There is now widespread understanding that many non-human animals are sentient, and that this fact has important moral and political implications. Indeed, most are in agreement that animal sentience ought to constrain the actions of political institutions, limiting the harms that can be perpetrated against animals. The primary aim of this book is to show that the political implications of animal sentience go even further than this. For this book argues that sentience establishes a moral equality and a shared set of rights amongst those creatures who possess it. Crucially, this worth and these rights create a duty on moral agents to establish and maintain a political order dedicated to their interests.
This book is devoted to sketching what this ‘sentientist politics’ might look like. It argues in favour of a ‘sentientist cosmopolitan democracy’: a global political system made up of overlapping local, national, regional and global communities comprised of human and non-human members who exist within shared ‘communities of fate’. Furthermore, the institutions of those communities should be democratic – that is to say, participative, deliberative and representative. Finally, those institutions should include dedicated representatives of non-human animals whose job should be to translate the interests of animals into deliberations over what is in the public good for their communities.
Alasdair Cochrane introduces an entirely new theory of animal rights grounded in their interests as sentient beings. He then applies this theory to different and underexplored policy areas, such as genetic engineering, pet-keeping, indigenous hunting, and religious slaughter. In contrast to other proponents of animal rights, Cochrane claims that because most sentient animals are not autonomous agents, they have no intrinsic interest in liberty. As such, he argues that our obligations to animals lie in ending practices that cause their suffering and death and do not require the liberation of animals.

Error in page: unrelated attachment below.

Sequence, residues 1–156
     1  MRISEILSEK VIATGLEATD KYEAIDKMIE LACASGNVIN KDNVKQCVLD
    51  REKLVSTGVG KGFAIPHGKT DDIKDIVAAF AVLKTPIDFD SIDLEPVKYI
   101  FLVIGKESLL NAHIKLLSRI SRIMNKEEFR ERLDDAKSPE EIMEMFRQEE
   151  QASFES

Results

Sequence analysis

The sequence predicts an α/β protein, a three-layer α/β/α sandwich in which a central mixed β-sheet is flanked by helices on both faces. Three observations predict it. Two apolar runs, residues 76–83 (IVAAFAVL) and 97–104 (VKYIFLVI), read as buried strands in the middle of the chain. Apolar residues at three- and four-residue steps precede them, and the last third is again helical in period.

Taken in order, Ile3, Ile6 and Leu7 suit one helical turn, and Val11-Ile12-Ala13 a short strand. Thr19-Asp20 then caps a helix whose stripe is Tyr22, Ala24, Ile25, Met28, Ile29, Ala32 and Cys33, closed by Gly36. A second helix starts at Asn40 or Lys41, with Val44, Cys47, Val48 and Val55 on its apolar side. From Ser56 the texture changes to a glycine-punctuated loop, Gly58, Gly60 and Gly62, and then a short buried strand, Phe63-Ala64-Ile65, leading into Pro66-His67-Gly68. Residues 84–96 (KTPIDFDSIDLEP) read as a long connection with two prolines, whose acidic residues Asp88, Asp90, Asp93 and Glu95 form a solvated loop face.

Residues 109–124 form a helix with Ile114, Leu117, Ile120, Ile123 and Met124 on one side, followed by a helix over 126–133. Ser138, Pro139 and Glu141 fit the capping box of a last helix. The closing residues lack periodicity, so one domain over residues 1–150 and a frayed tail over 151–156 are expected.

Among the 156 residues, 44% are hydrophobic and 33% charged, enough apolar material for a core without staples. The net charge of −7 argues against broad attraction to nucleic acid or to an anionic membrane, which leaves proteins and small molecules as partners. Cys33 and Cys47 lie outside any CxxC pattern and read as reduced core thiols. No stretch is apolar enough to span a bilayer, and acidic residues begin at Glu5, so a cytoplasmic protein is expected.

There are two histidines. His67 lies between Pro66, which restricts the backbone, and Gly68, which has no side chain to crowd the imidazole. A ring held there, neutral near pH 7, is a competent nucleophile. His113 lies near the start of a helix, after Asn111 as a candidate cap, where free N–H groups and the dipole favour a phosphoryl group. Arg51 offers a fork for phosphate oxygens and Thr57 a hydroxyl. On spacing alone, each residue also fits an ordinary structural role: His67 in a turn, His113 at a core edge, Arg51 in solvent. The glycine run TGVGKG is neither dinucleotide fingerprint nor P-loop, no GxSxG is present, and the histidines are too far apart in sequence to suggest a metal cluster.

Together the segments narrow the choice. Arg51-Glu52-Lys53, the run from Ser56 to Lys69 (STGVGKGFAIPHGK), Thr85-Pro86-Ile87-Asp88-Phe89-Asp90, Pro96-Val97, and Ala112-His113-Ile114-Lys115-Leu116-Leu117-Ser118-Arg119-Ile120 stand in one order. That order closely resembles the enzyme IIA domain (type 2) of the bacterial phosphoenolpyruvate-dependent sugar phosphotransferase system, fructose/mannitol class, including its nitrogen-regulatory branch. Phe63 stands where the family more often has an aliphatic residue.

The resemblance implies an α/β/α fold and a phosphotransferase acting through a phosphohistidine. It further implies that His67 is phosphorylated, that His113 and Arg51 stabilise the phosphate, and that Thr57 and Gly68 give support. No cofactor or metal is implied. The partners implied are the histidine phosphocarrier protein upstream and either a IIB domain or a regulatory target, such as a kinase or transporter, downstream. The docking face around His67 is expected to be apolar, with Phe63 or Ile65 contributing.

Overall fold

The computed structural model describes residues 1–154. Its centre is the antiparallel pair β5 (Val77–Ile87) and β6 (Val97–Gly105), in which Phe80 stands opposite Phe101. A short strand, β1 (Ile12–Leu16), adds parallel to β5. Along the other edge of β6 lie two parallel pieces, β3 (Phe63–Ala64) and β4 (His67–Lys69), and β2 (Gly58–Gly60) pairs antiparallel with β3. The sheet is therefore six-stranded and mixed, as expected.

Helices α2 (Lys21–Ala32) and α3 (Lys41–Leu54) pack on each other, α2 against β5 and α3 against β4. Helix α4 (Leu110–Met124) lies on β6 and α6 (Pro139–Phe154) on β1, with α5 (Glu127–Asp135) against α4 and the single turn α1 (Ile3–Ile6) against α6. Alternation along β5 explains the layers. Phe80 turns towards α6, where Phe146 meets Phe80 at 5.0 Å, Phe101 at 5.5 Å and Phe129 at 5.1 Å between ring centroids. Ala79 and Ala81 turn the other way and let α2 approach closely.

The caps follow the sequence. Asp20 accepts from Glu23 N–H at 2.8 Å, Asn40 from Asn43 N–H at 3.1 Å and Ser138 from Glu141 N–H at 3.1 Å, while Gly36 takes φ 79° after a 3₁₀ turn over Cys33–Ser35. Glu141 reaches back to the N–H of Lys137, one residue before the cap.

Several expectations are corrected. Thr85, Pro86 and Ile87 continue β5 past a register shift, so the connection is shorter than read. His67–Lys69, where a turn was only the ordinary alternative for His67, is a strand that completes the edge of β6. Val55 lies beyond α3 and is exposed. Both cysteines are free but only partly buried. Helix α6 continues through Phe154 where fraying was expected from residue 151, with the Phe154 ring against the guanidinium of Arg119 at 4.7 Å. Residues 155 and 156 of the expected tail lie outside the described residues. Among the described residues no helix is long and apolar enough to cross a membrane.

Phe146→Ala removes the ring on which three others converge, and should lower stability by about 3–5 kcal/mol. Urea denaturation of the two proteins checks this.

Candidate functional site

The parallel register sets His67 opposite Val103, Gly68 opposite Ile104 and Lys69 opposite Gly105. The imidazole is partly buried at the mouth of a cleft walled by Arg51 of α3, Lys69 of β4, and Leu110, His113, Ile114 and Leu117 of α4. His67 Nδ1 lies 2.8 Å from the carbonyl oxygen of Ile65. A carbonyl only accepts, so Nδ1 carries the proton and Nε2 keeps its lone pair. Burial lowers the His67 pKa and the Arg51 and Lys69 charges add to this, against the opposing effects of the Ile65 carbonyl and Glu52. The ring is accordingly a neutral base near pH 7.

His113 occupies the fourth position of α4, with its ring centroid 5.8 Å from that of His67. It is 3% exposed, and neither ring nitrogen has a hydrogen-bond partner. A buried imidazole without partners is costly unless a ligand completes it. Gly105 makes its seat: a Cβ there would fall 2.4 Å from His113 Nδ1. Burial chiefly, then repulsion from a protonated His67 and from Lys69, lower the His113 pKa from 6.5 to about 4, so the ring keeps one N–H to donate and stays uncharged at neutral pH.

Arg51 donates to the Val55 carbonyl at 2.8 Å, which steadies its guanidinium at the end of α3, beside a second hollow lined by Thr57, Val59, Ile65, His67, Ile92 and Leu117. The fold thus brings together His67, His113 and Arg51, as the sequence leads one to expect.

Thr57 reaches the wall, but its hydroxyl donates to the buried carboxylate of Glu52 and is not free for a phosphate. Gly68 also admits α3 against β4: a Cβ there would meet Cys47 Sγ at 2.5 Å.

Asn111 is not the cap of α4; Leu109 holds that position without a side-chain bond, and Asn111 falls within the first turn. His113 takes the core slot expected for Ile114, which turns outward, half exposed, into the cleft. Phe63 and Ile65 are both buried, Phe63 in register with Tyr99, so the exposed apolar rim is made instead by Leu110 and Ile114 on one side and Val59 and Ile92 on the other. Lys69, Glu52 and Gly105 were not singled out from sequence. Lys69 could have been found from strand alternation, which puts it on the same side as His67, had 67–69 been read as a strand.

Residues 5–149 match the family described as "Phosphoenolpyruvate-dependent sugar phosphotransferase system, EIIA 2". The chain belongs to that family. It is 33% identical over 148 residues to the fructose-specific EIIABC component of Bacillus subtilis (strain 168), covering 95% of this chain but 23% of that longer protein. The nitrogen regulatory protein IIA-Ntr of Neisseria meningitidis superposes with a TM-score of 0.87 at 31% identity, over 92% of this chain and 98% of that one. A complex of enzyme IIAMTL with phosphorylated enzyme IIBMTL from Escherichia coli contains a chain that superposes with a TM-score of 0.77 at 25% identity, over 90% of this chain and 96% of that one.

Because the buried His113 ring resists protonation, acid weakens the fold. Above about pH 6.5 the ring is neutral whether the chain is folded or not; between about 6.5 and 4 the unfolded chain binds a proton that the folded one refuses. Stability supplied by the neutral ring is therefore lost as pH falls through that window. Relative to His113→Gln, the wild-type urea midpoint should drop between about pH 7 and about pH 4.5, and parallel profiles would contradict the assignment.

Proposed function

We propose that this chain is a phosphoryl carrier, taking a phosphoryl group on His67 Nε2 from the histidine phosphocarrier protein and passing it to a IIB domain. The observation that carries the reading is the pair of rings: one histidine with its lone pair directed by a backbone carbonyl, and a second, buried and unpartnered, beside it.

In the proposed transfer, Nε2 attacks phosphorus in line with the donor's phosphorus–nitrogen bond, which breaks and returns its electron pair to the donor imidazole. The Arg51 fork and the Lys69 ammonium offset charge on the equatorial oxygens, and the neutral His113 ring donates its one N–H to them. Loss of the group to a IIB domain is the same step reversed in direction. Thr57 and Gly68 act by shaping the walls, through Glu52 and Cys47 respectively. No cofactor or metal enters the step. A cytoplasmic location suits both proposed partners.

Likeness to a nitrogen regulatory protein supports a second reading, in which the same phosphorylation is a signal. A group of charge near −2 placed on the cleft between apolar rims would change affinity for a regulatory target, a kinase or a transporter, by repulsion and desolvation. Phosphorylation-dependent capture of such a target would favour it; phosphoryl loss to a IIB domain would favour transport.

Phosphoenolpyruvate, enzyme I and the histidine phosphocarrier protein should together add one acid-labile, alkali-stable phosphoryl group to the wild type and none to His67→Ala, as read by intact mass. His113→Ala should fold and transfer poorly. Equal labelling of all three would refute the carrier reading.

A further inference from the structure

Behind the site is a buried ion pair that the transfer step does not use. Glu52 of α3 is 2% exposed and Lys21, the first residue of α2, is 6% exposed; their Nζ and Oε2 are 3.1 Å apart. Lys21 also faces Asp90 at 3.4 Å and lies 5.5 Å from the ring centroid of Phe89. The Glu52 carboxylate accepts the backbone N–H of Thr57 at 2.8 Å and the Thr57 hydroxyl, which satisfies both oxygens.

Cochrane’s “interest-based rights approach” weighs the interests of animals to determine which is sufficient to impose strict duties on humans. In so doing, Cochrane acknowledges that sentient animals have a clear and discernable right not to be made to suffer and not to be killed, but he argues that they do not have a prima facie right to liberty. Because most animals possess no interest in leading freely chosen lives, humans have no moral obligation to liberate them. Moving beyond theory to the practical aspects of applied ethics, this pragmatic volume provides much-needed perspective on the realities and responsibilities of the human-animal relationship
How should political communities govern their relations with animals? Are animals owed justice? What might justice for animals involve? Alasdair Cochrane introduces the most prominent schools in contemporary political theory – utilitarianism, liberalism, communitarianism, Marxism and feminism – and examines their implications for issues such as meat-eating, intensive agriculture, animal experimentation, religious slaughter and hunting.
An Introduction to Animals and Political Theory explores the debates and discusses controversies over what makes an entity worthy of justice: is it rationality, the ability to contribute to society, sentience, or something else? It also introduces and engages with debates about what our political obligations to animals might entail: is it simply not to cause them unnecessary suffering, or do we have much more demanding obligations not to kill, own, or even use non-human animals?